San Francisco, CA — Mayor London N. Breed today announced the City’s plan to pave an additional 500 blocks over the next year using local and state funding of approximately $77.3 million. This builds on the City’s long-term program to resurface streets across the City, which has led to San Francisco having the best road rating of any large Bay Area city.
In the last 10 years, more than 7,700 blocks – or about 60% – of the City’s nearly 13,000 blocks have been resurfaced. The effort has paid off. San Francisco’s Pavement Condition Index score, which is tracked by the independent Metropolitan Transportation Commission (MTC), rates roads from 0 to 100, with 0 being the worst, rutted and crumbling, and 100 the best, just freshly paved. In 2009, the City’s cumulative score was 63; today, it’s 74, which is considered “good.”
Looked at individually, the MTC evaluation found that two-thirds of San Francisco’s blocks are considered to be in “good” or "excellent” shape. San Francisco’s rating is the best among large Bay Area cities and exceeds the regional score of 67, considered “fair.”
“We have been making significant progress improving the condition of our streets and we are committed to keeping the momentum going,” Mayor Breed said. “Smoother roads mean safer roads no matter how you get around San Francisco. The ongoing strategic investments in our street resurfacing program also create jobs and supports commerce, which are critical to the City’s continued post-pandemic economic recovery.”
Well-maintained streets provide safe mobility and make possible the movement of goods and services to benefit San Francisco’s economic vitality. Public Works, which oversees San Francisco’s Street Resurfacing Program, uses in-house Bureau of Building and Street Repair crews and outside contractors to perform the work.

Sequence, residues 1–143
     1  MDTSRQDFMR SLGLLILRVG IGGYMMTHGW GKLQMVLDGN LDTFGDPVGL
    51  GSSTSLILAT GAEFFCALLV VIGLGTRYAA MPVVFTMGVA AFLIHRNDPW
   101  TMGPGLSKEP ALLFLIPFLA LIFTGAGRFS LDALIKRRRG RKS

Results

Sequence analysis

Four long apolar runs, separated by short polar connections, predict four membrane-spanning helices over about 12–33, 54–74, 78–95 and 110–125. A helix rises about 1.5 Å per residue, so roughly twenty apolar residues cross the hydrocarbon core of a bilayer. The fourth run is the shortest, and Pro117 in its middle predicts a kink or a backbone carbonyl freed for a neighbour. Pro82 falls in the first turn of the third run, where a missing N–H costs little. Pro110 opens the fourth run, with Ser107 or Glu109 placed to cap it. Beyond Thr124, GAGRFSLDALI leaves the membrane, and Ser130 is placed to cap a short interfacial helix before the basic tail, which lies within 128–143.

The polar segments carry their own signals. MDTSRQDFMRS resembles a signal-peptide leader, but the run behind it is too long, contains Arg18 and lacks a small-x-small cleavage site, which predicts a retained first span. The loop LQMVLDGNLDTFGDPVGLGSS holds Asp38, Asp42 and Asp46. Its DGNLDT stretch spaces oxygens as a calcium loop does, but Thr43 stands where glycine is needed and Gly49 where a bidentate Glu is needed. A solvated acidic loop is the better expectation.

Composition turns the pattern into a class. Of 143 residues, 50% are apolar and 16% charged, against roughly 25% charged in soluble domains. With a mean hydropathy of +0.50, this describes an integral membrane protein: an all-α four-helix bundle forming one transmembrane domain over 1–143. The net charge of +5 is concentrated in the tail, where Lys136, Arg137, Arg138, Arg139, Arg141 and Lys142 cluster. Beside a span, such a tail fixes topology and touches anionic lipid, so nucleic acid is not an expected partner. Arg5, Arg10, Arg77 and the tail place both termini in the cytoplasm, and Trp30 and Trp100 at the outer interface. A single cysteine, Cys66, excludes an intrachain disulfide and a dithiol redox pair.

“It’s no secret that San Francisco, like communities across the West, was hit hard by potholes this past winter with the incessant rains – keeping our pothole repair crews working extra shifts, seven days a week, to catch up,” said interim Public Works Director Carla Short. “Roads that are in good shape to begin with reduce the chance of potholes forming, amplifying the importance of our proactive paving initiative.”
When selecting which blocks will be repaved, the Street Resurfacing Program Team considers a number of factors: roadway condition, use – streets with public transit and bike lanes, for example, are prioritized – and whether the paving project can be combined with other infrastructure projects, such as sewer and water system upgrades, to minimize disruption to residents and businesses. Geographic equity also is considered to make sure the street improvements benefit all neighborhoods.
Among the streets on the list for consideration are Golden Gate Avenue, Junipero Serra Boulevard, Mariposa Street, Bryant Street, Shafter Avenue and Vallejo Street. The goal is to resurface 500 blocks.
Funding comes from a variety of local and state sources, including vehicle registration fees, revenue from gas and sales taxes and Certificates of Participation, a type of tax-exempt government bonds.